The Doorbell Rings and Sometimes It’s Hard to Say No

By Jack Limpert

The third neighborhood girl came to the house today selling Girl Scout cookies and for the third time I said, “We’ll take two Thin Mints and two Rah-Rah-Raisins.” Okay, that’ll be $24 and you don’t have to pay me now.

My wife is skeptical we can eat all those cookies but how can you say no?

Then an idea. Years ago in Appleton, Wisconsin, my uncle George made a good living working for the Curtis Publishing Company—he went from school to school, getting kids to compete to see who could go house to house and sell the most subscriptions to the Saturday Evening Post, Ladies Home Journal, Jack & Jill, and other Curtis magazines. The schools went along with it because they got a cut of the proceeds. The kids competed for prizes and we rang lots of doorbells.

Know how hard it now is to sell magazine subscriptions? Direct mail is ever more expensive and a magazine is lucky to get 2,000 subs out of a 100,000-piece mailing. Magazines that once charged $36 for a one-year sub now go as low as $12 (that was today’s offer from the National Geographic). Lots of holiday deals offered two subs for one low price.

You can offer deals through digital outfits like Groupon or LivingSocial but you have to offer a bargain price, the magazine doesn’t see much of the money, and the renewal rate on those subs is low.

What would Uncle George say? If the cookie people have the Girl Scouts locked up, try the Boy Scouts or some school team or organization.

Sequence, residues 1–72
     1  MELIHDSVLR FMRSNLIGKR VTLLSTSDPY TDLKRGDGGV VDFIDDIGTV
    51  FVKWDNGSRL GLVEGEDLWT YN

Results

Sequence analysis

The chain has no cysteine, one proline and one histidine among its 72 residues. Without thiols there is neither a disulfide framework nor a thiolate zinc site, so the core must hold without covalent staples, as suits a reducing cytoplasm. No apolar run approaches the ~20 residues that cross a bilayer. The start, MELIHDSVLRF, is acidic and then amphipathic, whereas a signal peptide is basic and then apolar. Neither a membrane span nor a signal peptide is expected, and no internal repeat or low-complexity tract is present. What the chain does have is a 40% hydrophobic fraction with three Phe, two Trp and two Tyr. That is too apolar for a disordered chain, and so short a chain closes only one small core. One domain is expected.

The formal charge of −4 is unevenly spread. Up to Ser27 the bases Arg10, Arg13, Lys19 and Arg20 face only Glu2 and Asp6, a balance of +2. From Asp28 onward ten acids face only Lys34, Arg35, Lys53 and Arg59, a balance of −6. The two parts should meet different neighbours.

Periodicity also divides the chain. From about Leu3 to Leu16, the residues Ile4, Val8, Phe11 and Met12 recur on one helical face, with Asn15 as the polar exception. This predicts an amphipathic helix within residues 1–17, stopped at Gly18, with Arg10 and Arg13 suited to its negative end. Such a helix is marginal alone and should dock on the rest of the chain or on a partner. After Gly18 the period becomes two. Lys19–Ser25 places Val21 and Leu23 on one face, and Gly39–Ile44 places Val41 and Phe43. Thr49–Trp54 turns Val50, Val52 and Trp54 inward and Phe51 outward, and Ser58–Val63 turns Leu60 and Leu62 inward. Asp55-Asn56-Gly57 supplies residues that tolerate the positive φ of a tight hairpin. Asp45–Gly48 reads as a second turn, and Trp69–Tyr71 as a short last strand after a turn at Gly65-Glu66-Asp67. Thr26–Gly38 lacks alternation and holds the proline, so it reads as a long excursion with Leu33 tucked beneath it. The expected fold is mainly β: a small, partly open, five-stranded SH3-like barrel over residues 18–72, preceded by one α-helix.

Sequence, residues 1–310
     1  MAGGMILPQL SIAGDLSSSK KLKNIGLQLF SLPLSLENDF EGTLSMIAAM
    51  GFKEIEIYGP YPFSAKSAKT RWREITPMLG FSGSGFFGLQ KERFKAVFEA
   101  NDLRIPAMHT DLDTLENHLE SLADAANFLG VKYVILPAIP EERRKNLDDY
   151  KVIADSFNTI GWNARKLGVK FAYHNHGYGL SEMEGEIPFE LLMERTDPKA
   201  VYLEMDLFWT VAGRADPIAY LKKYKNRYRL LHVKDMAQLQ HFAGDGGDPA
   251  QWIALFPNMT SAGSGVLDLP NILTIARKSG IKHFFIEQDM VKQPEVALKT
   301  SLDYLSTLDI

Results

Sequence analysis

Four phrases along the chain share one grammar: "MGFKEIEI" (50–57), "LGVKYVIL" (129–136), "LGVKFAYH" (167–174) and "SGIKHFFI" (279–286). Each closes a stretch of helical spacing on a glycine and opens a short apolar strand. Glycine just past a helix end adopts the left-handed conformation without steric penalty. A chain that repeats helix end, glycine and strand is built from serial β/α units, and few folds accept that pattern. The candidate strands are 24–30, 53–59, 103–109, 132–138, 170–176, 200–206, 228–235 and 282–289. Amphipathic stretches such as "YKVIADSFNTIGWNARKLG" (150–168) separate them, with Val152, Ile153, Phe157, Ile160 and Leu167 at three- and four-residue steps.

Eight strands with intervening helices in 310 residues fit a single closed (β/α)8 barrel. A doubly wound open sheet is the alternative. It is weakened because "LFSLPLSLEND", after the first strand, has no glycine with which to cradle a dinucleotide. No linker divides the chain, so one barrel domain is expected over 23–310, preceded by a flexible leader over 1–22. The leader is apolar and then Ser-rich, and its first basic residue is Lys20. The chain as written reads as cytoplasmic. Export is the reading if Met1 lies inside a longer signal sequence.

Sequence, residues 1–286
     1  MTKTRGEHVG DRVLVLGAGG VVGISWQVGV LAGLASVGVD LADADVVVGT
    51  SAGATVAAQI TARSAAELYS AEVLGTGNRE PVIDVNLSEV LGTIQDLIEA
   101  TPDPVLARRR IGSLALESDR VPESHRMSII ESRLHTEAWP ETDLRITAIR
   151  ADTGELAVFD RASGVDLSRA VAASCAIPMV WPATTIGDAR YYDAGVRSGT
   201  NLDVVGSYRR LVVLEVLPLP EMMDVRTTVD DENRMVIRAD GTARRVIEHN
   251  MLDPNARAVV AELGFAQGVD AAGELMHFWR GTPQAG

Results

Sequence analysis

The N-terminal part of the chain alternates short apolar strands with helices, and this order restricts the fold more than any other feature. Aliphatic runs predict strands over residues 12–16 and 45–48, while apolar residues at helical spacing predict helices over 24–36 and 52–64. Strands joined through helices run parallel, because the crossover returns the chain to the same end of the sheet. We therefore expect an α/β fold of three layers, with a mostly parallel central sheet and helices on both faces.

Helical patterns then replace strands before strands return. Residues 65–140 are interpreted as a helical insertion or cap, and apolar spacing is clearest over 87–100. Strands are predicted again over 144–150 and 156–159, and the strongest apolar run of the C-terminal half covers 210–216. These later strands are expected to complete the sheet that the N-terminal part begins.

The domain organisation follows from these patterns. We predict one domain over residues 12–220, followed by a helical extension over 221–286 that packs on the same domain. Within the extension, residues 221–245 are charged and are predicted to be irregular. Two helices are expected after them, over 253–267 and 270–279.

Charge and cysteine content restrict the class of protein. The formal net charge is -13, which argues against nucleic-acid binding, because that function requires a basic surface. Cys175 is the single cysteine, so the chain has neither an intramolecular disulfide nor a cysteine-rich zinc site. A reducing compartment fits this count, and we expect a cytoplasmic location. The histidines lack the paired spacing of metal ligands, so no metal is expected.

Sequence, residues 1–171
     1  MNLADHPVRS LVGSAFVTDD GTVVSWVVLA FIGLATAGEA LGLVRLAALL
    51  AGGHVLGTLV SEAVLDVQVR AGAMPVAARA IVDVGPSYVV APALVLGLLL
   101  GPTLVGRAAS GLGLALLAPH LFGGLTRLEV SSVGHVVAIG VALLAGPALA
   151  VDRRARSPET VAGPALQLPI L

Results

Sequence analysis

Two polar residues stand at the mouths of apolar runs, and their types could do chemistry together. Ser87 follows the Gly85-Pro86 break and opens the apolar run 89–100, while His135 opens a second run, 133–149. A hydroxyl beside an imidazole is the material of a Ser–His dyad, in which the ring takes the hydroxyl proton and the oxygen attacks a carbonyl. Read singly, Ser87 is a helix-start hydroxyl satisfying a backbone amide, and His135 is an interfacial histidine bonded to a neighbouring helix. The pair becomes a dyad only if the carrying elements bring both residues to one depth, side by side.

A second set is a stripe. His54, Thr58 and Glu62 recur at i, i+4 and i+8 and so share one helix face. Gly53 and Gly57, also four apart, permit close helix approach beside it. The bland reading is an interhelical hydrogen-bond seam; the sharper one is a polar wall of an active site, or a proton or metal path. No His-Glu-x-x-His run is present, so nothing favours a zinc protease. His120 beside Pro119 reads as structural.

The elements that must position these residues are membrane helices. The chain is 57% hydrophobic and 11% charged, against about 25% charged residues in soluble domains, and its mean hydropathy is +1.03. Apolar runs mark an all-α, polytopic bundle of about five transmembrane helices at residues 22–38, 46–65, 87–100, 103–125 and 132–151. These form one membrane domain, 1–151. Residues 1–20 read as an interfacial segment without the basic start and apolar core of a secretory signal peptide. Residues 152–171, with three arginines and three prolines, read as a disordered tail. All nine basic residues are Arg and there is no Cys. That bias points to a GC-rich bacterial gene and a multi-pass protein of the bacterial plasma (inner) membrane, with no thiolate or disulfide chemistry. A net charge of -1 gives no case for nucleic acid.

A neighborhood kid with a smile says a year’s subscription to a really interesting magazine is only $24 and you’d be helping us do good things for the community. Twelve issues of the National Geographic versus four more boxes of cookies? Okay, I’ll take the magazine.
As for newspapers, I miss the neighborhood girl who delivered the Washington Post every morning. Her name was Nicole, she lived a couple streets over, and she had a dog named Guinness who walked the paper route with her. About 15 years ago the Post got rid of the neighborhood carriers and since then the paper has been tossed out of an SUV that flies up and down the street. The paper sometimes hits the lawn. In bad weather Nicole often would leave the paper by the door and during the holidays we always gave her something extra. Now the anonymous SUV driver leaves an envelope with one of the December papers suggesting we send him a holiday gratuity.

I’ve always wondered why Don Graham did that.

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